Amidst all the talk of the year’s best in eating, food writer John Mariani takes the opposite tact and highlights the worst for Esquire. His list of 2012’s low points represents a broad range of foul food moments, from “Worst Use of Butter Since Last Tango in Paris” to “Worst New Burger Idea.” He makes a point of not ruling out anything—as long as it had a slight connection food, it was fair game. Even Conrad Murray calling his jail meals “cat food” makes the cut.
Some picks are somewhat curmudgeonly: “Worst Case of Wretched Excess, Ice Cream Edition” calls out Salty Pimp, a dulce de leche pudding vanilla cake co-production by Big Gay Ice Cream and Robicelli’s Cupcakes. Some are more understandable: “Worst Wait” is given to Mission Chinese in New York for the average three-hour wait; and “Worst Marketing Decision” is given to Italian winemaker Vini Lunardelli, who added images of controversial political history figures like Adolf Hitler and Benito Mussolini to his wine labels.
Even known restaurateurs and culinary personalities are not exempt from the haterade. Joe Bastianich is deemed the “Worst Price Gouger” and Anthony Bourdain’s decision to publish Marilyn Hagerty’s reviews wins for “Most Insane Moment of the Year.”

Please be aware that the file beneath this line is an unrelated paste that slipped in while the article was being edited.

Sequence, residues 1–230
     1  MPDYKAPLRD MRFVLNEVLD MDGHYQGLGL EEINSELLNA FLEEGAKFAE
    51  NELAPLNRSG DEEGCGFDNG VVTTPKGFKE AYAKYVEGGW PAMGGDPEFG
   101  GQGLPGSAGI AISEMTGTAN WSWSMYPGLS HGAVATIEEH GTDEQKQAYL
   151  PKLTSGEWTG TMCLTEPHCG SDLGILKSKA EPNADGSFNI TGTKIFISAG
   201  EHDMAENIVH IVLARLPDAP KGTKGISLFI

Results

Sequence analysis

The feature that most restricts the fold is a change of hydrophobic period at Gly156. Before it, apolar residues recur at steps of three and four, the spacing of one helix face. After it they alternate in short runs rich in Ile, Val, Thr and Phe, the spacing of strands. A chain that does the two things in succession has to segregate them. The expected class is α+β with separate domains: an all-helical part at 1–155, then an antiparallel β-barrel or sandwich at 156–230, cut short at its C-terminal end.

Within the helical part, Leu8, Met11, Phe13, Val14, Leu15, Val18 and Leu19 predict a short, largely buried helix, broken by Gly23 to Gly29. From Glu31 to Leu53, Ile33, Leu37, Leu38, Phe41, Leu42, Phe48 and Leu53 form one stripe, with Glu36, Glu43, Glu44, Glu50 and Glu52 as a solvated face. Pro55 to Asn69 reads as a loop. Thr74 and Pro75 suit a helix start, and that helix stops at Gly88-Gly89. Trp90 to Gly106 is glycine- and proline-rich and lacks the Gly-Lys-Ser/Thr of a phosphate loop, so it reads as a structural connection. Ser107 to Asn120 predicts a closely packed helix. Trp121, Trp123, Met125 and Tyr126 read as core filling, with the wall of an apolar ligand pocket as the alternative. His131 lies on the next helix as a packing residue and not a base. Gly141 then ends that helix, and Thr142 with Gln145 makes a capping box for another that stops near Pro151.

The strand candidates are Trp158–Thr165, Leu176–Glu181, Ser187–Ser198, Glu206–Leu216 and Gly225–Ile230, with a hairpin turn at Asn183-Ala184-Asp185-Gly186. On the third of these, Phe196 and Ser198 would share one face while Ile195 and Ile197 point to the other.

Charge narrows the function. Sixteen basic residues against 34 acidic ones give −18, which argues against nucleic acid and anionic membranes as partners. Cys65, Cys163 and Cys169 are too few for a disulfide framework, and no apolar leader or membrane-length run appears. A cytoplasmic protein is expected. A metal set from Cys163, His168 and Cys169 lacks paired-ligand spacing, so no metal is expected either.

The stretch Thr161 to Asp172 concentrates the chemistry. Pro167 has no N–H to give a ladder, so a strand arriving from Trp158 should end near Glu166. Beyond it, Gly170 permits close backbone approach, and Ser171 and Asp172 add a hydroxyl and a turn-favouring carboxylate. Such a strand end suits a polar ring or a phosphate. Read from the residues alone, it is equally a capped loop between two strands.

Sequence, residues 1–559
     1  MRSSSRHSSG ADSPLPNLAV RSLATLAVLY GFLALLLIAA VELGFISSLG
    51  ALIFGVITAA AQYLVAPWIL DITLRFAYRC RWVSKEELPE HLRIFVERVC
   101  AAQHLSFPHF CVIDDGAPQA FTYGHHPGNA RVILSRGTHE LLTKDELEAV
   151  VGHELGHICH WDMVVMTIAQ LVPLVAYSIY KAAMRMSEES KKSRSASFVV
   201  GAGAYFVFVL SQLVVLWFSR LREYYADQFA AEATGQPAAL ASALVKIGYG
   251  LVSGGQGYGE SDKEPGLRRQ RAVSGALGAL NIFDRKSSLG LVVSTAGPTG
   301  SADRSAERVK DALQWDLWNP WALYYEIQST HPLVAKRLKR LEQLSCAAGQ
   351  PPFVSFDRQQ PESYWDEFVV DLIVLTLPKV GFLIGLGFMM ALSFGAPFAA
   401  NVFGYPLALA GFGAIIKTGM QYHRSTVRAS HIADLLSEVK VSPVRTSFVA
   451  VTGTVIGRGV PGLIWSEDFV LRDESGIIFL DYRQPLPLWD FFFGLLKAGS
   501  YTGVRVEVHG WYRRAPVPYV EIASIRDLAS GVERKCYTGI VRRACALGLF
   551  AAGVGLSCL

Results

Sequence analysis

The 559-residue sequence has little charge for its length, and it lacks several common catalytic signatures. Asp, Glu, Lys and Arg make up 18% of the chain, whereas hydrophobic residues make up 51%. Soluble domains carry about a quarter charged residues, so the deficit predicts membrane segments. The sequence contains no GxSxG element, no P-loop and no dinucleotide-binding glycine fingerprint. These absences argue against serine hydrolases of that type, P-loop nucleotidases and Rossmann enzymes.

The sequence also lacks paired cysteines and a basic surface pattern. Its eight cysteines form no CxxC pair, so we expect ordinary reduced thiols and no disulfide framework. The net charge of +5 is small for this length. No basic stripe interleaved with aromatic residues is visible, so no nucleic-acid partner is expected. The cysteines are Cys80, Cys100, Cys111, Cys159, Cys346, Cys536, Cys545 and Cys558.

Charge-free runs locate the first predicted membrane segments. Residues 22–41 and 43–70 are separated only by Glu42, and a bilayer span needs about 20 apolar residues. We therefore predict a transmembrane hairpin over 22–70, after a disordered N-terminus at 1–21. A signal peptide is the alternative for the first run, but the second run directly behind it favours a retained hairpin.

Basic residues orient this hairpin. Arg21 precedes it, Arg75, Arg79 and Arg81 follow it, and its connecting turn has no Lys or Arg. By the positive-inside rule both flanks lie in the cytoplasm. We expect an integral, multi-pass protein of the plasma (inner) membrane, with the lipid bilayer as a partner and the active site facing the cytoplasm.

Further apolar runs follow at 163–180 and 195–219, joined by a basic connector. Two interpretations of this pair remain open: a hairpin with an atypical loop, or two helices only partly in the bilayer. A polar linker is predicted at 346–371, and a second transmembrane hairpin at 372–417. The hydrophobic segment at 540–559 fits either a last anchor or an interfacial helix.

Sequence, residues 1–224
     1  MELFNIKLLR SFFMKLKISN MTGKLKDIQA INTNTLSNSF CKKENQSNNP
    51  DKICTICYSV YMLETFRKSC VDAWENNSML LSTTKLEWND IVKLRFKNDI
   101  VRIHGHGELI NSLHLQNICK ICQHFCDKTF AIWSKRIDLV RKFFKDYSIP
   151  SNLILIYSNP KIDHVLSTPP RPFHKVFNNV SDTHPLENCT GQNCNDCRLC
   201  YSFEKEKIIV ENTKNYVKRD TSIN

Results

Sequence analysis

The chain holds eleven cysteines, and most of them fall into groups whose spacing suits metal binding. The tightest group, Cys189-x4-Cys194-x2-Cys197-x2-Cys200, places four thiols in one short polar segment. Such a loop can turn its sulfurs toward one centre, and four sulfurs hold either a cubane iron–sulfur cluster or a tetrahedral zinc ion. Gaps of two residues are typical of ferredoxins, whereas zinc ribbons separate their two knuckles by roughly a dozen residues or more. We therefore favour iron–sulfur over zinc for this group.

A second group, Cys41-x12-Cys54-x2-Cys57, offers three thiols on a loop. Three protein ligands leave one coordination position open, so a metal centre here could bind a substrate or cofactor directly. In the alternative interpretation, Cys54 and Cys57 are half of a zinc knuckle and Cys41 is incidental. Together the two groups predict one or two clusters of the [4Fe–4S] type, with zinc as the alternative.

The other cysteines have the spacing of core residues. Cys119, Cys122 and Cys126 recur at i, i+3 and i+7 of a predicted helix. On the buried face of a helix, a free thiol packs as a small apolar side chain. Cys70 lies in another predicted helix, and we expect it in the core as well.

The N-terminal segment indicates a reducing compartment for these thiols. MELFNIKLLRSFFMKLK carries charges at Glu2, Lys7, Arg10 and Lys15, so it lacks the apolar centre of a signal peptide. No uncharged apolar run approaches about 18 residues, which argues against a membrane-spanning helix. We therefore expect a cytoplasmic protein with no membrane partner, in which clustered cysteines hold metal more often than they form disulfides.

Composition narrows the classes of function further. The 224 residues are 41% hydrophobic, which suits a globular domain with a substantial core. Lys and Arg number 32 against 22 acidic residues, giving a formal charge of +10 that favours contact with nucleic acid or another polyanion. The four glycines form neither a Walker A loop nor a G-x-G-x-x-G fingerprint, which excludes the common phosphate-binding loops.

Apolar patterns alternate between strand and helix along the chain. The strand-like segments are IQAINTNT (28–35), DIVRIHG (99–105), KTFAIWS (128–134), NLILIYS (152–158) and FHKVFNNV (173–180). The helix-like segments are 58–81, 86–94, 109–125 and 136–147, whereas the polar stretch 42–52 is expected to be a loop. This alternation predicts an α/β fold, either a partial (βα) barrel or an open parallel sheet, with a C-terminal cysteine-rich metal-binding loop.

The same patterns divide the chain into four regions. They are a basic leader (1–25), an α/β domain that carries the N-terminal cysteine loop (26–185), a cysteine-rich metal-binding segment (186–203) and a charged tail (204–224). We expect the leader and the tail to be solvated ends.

Mariani has never been afraid to rankle those in the food community. In 2009, Grubstreet Chicago published a post called “Why Does Everyone Hate John Mariani?”, calling him out for alleged indiscretions like sending a list of demands before visiting restaurants and basing his reviews on comped meals. Two days later, Esquire editor Ryan D’Agostino wrote a defense of Mariani that addressed accusations of his dining on comped meals and clarified his role at the magazine (re: he’s not a critic).